Understanding Trenchless Sewer Repair: How it All Works
By New Flow Plumbing Inc.|Published On: December 17th, 2020|Categories: Residential Plumbing, Sewer Systems|
How Does Trenchless Sewer Repair Work?
What is trenchless sewer repair and how does it work? Trenchless technology has allowed modern plumbers and piping companies, to repair or replace sewer lines without tearing up your home. It’s a cost-effective, time-saving, non-invasive, and long-lasting solution to fixing your sewer lines.
How does trenchless sewer repair work?
Trenchless technology, compared to conventional trenching repair, does not involve digging in your home or property. New Flow Plumbing has mastered the craft of taking care of your problem and not leave you with a hefty clean-up cost. Trenchless technology is fast, only taking a few hours once the work begins. We can keep your home looking good while the work is being completed and you do not need to relocate.
What pipes can be repaired using trenchless technology?
- Pipes under homes, commercial buildings, or expensive landscaping
- Cracked pipes that are having trouble with invasive roots and debris
- Leaky pipes
- Corroded pipes
- Vertical stacks in multi-story buildings
- Lateral lines that connect residential homes or commercial buildings to the city sewer or septic tank
- Slightly misaligned pipes. (While pipe lining doesn’t realign the pipe, it will smooth out any rough edges that could cause debris to get stuck.)
There are two different methods of trenchless sewer repair, each of which depends on the integrity and location of pipe.
Sewer lines can be infested with tree roots and will need repair.
1. Pipe bursting
If a pipe is losing its structural integrity, we can use pipe bursting. It’s usually cheaper than pipe ling, running from $60 to $200 per foot. Pipe bursting can replace 600+ feet of pipe. It has some limitations that it make more ideal for straight runs of pipe and horizontal pipe. This is an environmentally-friendly process that involves no chemicals.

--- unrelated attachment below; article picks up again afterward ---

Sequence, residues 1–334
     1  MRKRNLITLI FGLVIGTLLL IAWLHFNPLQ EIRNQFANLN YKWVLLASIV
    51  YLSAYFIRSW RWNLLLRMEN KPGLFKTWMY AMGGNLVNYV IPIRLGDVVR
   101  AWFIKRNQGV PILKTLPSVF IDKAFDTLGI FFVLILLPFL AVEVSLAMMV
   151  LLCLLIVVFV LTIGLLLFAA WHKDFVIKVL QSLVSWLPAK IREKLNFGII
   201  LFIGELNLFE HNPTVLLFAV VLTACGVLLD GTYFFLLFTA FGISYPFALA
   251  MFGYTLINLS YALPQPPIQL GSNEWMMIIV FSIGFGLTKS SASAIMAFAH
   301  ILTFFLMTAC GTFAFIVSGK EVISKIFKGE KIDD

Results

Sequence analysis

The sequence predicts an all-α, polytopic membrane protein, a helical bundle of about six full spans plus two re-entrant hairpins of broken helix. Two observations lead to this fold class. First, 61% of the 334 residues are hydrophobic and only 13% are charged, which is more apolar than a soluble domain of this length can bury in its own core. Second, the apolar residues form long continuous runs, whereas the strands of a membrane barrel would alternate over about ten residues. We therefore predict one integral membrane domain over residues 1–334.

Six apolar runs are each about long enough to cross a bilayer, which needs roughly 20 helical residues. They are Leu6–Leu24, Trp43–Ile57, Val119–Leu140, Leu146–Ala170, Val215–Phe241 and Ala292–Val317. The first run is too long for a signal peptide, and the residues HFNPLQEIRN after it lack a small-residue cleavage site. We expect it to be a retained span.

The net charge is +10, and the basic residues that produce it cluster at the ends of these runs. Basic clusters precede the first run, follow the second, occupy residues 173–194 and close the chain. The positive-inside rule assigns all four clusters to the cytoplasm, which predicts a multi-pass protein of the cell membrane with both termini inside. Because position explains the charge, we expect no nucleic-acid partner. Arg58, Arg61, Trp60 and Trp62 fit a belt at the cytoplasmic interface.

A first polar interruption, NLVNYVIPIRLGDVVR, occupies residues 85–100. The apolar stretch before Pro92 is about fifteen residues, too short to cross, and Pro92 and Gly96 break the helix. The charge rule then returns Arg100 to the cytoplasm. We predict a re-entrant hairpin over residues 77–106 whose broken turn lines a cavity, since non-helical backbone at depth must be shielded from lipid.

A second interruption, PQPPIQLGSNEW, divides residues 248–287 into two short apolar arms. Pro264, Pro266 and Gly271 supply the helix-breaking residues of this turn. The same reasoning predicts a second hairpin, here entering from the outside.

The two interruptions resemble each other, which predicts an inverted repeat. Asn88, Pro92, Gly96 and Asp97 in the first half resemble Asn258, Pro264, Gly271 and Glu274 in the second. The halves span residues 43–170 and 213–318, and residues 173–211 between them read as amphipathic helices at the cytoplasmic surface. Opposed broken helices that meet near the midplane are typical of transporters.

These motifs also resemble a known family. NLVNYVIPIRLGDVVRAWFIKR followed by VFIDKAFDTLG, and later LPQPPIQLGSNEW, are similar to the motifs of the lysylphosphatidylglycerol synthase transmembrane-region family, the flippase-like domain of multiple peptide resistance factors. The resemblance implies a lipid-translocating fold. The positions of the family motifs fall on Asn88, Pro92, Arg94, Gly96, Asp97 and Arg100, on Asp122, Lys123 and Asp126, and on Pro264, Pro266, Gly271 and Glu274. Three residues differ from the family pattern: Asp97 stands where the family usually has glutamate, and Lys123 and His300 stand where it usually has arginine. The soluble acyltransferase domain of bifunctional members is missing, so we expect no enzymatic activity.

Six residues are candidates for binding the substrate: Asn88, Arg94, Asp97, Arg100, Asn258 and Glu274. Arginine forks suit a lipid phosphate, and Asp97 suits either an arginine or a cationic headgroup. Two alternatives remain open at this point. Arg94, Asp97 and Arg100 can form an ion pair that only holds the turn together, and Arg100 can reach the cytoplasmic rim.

Conventional sewer repair involves digging long trenches. Trenchless technology avoids this.
Let’s breakdown the exact steps that pipe bursting takes.
- We inspect the pipe with a special CCTV sewer camera to assess the damage and look for blockages. The sewer line inspection is non-invasive, meaning it does not damage your property of pipes, and only takes 30 minutes to complete.
- The next step involves digging two small pits (around 4ft x 4ft) to access the damaged pipe.
- The new HDPE (high-density polyethylene) replacement pipe is then attached to a winch with a cone-shaped bursting head and pulled through the damaged pipe. As this happens, the damaged pipe is broken apart and the new pipe takes its place. The new HDPE pipe is hooked up to your plumbing system so that the connection is complete.
- Once the repair is complete, the two access points are filled.
- The final step is another sewer camera inspection to make sure everything is running properly.
Pipe bursting can also be used to replace a functioning pipe with a larger one to increase the flow rate. Pipe bursting is a permanent solution that lasts 50 to 100 years.
2. Pipe Lining
Also called structural pipe lining, or cured-in-place-pipe lining (CIPP), involves a special, epoxy-impregnated liner to create a new pipe directly inside your old one. CIPP is designed to last up to 50 years! Pipe lining usually costs $80 to $250 per foot. The price depends on a variety of factors, such as the condition of the pipe, ease of navigation, the amount of cleaning needed before the lining, and the accessibility of the pipe.
CIPP can be used on sewer pipes that have corroded over time, or have cracked and are now experiencing problems with invasive tree roots and soil. After lining, the roots and soil won’t be able to get back into the pipe.
Trenchless lining can be used on;
- Residential, commercial, and industrial sewer pipes
- Vertical vent stacks in kitchens, laundry rooms, etc.
- Lateral lines
- Building mains
- Branch lines
- Rainwater leaders
- Underground storm lines
Only certified and experienced plumbing technicians with the necessary special equipment should perform sewer pipe lining.
Here are the steps broken down.
- Your pipe is first inspected by a CCTV sewer camera.
- The pipe is then cleaned using hydro jetting. We make sure the pipe is back to its original diameter (or as close to it as possible).
- Next, we insert an epoxy-impregnated liner into the old pipe. Inside the liner is another layer called a bladder, which will inflate and press the epoxy against the pipe. After a few hours the epoxy cures and now you have a new pipe directly inside the old one.
- The next step involves reinstating any branches that were covered over during the pipe lining process. This is done robotically using special equipment.
- Lastly, we perform another CCTV inspection to ensure everything is completed and then fill in any pits or reinstall any fixtures we removed.
Note: The pipe’s diameter does become slightly smaller but it increases your new pipe’s flow capacity due to the slickness of the new material.
Sewer lining is not something that can be done in a few hours by one plumber. It takes 3-4 plumbing technicians, a half-day of preparation, an entire day for the installation, and then a few hours for the final inspection.
Only certified and experienced plumbing technicians with the necessary special equipment should perform sewer pipe lining. We at New Flow Plumbing can tackle anything your plumbing throws at us! Call us today and receive a quote.
About the Author: New Flow Plumbing Inc.
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